[email protected]

A good foundation

VDI comes in many forms, but they all depend on a good foundation. Ignoring the actual VDI software, endpoints and feature sets, the cornerstone of VDI is the operating system or hypervisor that its running on. The two camps are versions of Linux – VMware, Citrix, Virtual Bridges, 2X and Kaviza and on the other side, Microsoft and Parallels.

On the first, Linux, side VMware and Citrix have proprietized  Linux code to allow VDI and discrete platforms to be built on its foundation. You pay for VMware seat licenses and also VDI seat licenses. Citrix bundles the two together, but it adds up to a license fee. Virtual Bridges uses most flavors of Linux. It leverages its KVM capability. KVM is not the acronym for Keyboard, Video and Mouse of yesteryear but Kernel (based) Virtualization Machine. In other words, the super stable Linux kernel plays gatekeeper for VDI instances. As Linux distros are free, you only pay for VDI seat licenses. If you don’t like free, the companies will be happy to sell you a support contract for their Linux distribution.

Most VDI implementations are built on either VMware or Citrix Xen platforms. Why? I suspect because of the many companies have an existing VMwre or Citrix  infrastructure and will build on those, and that   VMware and Citrix’s marketing budgets are big so when you see anything about VDI, it likely that VMware and Citrix will be talked about.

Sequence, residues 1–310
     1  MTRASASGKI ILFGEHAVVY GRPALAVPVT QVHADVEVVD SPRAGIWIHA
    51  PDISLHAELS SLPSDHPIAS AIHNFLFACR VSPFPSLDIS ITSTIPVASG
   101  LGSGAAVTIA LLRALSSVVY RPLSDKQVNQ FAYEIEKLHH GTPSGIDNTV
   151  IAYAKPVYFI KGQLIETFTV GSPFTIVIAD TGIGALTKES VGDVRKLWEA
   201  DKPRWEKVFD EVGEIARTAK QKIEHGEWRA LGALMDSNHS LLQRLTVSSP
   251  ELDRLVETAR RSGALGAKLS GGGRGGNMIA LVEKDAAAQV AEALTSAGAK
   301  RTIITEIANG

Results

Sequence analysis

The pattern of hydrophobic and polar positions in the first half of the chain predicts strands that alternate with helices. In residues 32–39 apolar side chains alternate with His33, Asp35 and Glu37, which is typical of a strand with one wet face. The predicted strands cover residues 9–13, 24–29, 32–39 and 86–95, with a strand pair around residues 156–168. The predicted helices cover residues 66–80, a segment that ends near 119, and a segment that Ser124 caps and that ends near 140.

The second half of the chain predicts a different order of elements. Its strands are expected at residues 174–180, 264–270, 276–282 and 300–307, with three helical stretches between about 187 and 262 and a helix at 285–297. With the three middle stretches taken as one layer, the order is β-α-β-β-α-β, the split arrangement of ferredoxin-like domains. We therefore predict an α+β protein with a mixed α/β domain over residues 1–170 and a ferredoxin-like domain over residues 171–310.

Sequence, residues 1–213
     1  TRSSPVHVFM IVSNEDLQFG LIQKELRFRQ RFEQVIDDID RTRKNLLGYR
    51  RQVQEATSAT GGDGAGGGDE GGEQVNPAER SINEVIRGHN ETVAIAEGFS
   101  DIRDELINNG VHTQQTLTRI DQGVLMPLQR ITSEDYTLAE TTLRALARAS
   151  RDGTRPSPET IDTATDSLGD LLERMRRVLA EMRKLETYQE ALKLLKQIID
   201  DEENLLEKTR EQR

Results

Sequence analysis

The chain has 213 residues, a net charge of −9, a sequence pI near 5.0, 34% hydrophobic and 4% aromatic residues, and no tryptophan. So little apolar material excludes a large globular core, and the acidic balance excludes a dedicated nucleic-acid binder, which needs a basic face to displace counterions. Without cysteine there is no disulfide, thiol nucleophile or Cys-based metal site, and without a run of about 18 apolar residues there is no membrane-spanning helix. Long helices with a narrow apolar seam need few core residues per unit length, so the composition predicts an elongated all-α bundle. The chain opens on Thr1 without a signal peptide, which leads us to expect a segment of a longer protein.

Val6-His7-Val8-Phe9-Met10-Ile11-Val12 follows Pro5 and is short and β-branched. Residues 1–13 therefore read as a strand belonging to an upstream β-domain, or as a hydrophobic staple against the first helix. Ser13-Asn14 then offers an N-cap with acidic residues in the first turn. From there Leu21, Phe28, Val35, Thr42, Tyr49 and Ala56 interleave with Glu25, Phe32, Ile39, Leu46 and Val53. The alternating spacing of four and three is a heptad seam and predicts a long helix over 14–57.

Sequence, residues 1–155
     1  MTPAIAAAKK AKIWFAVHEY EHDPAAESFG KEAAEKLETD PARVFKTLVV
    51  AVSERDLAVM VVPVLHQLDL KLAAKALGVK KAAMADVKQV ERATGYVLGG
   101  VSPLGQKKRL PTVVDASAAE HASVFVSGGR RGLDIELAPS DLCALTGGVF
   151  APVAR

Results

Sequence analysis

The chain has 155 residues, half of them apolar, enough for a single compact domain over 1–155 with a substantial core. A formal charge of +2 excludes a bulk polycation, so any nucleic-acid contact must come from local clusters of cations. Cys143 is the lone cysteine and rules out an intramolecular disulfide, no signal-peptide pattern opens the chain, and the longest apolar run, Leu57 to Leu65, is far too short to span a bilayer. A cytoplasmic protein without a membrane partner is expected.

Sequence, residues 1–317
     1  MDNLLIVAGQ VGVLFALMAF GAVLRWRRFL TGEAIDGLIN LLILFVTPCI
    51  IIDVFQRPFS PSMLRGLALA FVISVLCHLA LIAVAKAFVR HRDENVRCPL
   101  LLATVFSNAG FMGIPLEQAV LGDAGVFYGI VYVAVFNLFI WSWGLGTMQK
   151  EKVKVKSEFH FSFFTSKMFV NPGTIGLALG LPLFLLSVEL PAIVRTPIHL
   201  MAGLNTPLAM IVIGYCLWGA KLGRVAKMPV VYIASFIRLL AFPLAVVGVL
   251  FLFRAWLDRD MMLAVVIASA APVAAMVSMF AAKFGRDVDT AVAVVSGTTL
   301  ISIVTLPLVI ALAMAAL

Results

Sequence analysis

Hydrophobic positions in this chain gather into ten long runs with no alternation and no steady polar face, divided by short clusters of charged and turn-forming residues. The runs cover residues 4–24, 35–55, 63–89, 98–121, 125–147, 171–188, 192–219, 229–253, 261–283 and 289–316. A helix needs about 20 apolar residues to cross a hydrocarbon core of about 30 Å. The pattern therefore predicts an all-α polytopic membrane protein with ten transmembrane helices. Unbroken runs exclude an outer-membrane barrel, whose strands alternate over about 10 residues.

On the other side is the giant Microsoft that is determined to corner the market. Their product, Hyper-V (in my opinion) is a distant third has some adherents. I don’t care for it. Interestingly, Parallels works on both Windows Servers, its foundation for Windows XP and 7, and Linux. You select the VDI operating system, which dictates the platform… Windows Server 2008 running Windows 7, Windows 2003 Server running Windows XP and Linux VDI instances on Linux distros. It’s an unusual, but very nice product.

So which way should you move into the VDI world with?  I can’t say, as that’s a consulting job to work from a company’s needs and goals backwards to find the right product, and not from the vendors point of view… pitching the same product so that it “fits” every need. One shoe size doesn’t work in VDI.